Though familiarity with the previous games certainly helps (in particular, knowledge of King's Quest IV will make the ending a bit clearer), it's not required to enjoy this installment. King's Quest VII can easily be taken as a standalone adventure as well as a continuation of an established series. There were many firsts in this game - it was Sierra's first SVGA game, featuring double the resolution of most games up to that point; it was the first King's Quest to feature dual protagonists; it was the first and (to date) only time Queen Valanice was a playable character; it was the first entry not to feature King Graham in any capacity; and it was the first King's Quest to be released exclusively on CD-ROM, for even without digitized speech it would've been far too big for floppy disk.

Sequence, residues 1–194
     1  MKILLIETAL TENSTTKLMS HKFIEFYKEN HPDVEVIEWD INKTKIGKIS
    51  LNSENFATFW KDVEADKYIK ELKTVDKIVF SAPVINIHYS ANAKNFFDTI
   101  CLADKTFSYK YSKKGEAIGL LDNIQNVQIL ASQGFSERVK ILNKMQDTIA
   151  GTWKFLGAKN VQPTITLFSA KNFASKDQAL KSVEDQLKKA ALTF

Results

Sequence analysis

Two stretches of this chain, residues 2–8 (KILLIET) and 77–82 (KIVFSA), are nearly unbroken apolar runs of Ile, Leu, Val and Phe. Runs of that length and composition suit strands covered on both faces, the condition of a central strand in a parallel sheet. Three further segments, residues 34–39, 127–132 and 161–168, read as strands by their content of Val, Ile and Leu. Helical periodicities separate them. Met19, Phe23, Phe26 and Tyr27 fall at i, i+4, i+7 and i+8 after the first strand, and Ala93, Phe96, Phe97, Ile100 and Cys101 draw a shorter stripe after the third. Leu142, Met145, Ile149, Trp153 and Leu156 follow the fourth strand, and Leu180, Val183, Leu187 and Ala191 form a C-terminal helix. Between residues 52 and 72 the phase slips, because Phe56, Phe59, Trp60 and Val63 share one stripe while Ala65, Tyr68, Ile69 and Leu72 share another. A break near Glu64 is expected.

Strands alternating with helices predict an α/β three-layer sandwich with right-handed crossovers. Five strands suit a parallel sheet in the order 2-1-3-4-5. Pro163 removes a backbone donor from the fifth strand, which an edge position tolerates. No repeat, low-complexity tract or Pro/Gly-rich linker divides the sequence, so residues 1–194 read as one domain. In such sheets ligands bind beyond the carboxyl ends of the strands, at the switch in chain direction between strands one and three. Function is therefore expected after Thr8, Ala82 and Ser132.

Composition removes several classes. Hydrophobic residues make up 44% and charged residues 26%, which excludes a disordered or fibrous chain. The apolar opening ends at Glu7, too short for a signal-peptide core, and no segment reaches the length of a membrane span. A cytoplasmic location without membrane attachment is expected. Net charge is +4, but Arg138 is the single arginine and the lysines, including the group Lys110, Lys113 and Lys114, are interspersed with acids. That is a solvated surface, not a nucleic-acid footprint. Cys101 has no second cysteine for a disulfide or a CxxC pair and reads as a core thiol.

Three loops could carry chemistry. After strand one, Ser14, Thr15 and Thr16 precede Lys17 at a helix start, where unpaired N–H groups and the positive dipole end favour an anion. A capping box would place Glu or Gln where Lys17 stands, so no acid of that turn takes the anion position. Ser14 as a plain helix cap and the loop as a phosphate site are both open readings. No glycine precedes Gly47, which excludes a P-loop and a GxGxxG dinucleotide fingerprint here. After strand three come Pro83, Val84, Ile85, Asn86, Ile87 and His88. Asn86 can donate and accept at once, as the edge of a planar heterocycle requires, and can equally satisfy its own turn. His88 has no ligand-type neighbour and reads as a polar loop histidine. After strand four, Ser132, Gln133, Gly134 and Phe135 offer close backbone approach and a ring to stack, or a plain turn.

There are other differences as well. Purportedly inspired by The Legend of Kyrandia, creator Roberta Williams implemented a greatly simplified interface this time around. Gone are the multiple icons for walking, talking and looking, replaced by a single mouse cursor for every action. Taking the shape of a magic wand, this cursor sparkles over interactive hotspots. Also gone is the need to constantly save your game out of fear of dying or getting stuck. King's Quest VII features no dead-ends; it is impossible to make the game unwinnable. Should Valanice or Rosella perish, they will offer the player clues as to the correct course of action, and the plot will resume right where it left off. Furthermore, the game is divided into six chapters (both protagonists star in three chapters each), which can be played in any order.